As I was writing this post, I received a notification that the US had just attacked a Syrian town, dropping white phosphorous bombs. These weapons are banned under the Geneva Convention for use against civilians or enemy combatants in areas with a large civilian population.  No word on casualties yet, but truth has been “walking wounded” in Syria for years now. Choose your purveyors of news wisely in the coming days and weeks.

A Prattle of Parrotts

The first JENKINSON inscription in the Crimlisk and East Yorkshire Family History Society lists is A29 · 24.


The two ladies must have been the best of friends.

MARY ELIZABETH JENKINSON, died Jan 6th 1958, aged 91 years.

At Rest

EMILY ETTA PARROTT, died April 21st 1959, aged 86 years.


In 1901 they were both lodging-house keepers in Rutland Street. It seems that at the time of their deaths they were living together at 2a West Road, Filey.


This is the corner of West Road (left) and Scarborough Road this afternoon. West Lodge, the red painted property next to the “corner shop” is No. 2A.

Mary was the daughter of Thomas JENKINSON (1835-1895) and Rachel FELL (1835-1899). Thomas is a grandson of Robert and Margaret née TRUCKLES (yesterday’s post) and is on FamilySearch Tree but without a wife or children.

Emily Etta (Etty in some sources) was born in Lincolnshire to George and Elizabeth née VICKERS. George was an agricultural labourer and the first three of his seven children with Elizabeth arrived in Hemswell and the last three in Upton. The middle child, George William, died before his first birthday, both registrations in Gainsborough, a district that includes both Hemswell and Upton. (If you look for the Parrotts in Filey Genealogy & Connections you will find Emily’s mother is given as Elizabeth ROWE, a second wife to George. An Elizabeth Parrott did die in the year attributed on FG&C but I discovered that she was 68 years old. All seven births registered in the GRO give Vickers as the Mother’s Maiden Surname. It is, nonetheless, worth looking at Kath’s database because she gives some information about the three Parrott children who married. FamilySearch Tree is almost completely silent. I have only had time for a quick search and have only found George, Elizabeth, and one child, George Woodward Parrott, born about October 1869 in Upton.)

I feel an affinity with Emily because my north Lincolnshire forebears crossed the Humber to settle in the East Riding. I wonder what forces pushed or pulled Emily over the water.


Radio Five Breakfast News this morning told us of Home Secretary Javid’s horror at discovering the extent of attempts to exploit young children sexually online. He is going to make it his business to do something about the scandalous situation. He is being somewhat disingenuous. Many people have voiced their concerns about this issue and have been rewarded with prison sentences. It is the saddest sign of the times in this benighted nation – if, as a child, you have been raped by a politician (Melanie Shaw), a Muslim of Bangladeshi, Pakistani or Somali origin (thousands of young English girls), a priest from any religious order (thousands of boys as well as girls), or a BBC celebrity (hundreds of children and some deceased adults), the government seems reluctant to pursue the criminals.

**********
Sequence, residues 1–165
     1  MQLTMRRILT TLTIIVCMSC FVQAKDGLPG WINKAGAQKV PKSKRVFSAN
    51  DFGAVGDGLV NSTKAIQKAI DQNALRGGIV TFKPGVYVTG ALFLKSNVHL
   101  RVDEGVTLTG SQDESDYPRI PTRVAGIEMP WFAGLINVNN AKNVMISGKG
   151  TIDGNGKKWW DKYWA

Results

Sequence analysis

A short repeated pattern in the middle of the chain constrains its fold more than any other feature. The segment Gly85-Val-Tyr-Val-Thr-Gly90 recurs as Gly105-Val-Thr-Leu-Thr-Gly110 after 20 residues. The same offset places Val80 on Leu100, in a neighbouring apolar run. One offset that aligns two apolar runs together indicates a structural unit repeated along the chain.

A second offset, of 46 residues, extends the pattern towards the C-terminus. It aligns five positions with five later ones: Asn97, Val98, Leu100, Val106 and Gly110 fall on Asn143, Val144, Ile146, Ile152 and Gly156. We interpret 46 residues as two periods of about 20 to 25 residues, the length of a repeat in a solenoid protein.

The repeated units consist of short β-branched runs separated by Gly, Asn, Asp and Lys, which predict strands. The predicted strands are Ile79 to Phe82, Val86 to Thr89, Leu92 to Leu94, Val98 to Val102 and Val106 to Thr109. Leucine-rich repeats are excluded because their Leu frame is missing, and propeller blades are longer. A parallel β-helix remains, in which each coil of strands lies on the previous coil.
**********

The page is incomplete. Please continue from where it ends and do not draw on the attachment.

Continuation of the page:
Coincidentally, today should have seen the beginning of Tommy Robinson’s retrial (for contempt of court). The date was pushed back to the end of this month. The Crown Prosecution Service needed more time to prepare their case. Odd, that they initially had no difficulty bouncing Tommy from a Leeds pavement to Hull Prison in just five hours.

Over the pond, Trump is warning President al-Assad against attacking proxy forces in Idlib province.


He has clearly forgotten about Raqqa but he should know that the Syrian/Russian manual for dealing with terrorists has a section on civilians and humanitarian corridors.

Geoffrey, Lost at Sea


BradleyG2There are 13 people born BRADLEY in Filey Genealogy & Connections but none are Samuel, Jack or Geoffrey. The family remembered in Filey churchyard is not yet represented on the FamilySearch Tree. Geoffrey’s name does, however, appear on the War Memorial in Murray Street – and on the Merchant Navy Memorial at Tower Hill in London.

The official record and the family headstone say he died on the 11th July but he lived for about two hours of the twelfth day. Two torpedoes from U-582 struck the SS Port Hunter at 01.47 hours, west-southwest of Madeira. Explosions ripped the vessel apart and she sank in a couple of minutes. Three men who were sleeping on deck were blown into the sea and rescued a few hours later. Sixty-eight crew members, 14 gunners and five passengers were lost “presumed drowned”. (Some would have been killed in the explosions.)

Geoffrey was an apprentice in the Merchant Navy, 17 years old. The master of Port Hunter was John Bentham BRADLEY. I have spent some time gathering Geoffrey’s forebears but, so far, haven’t discovered that they are related.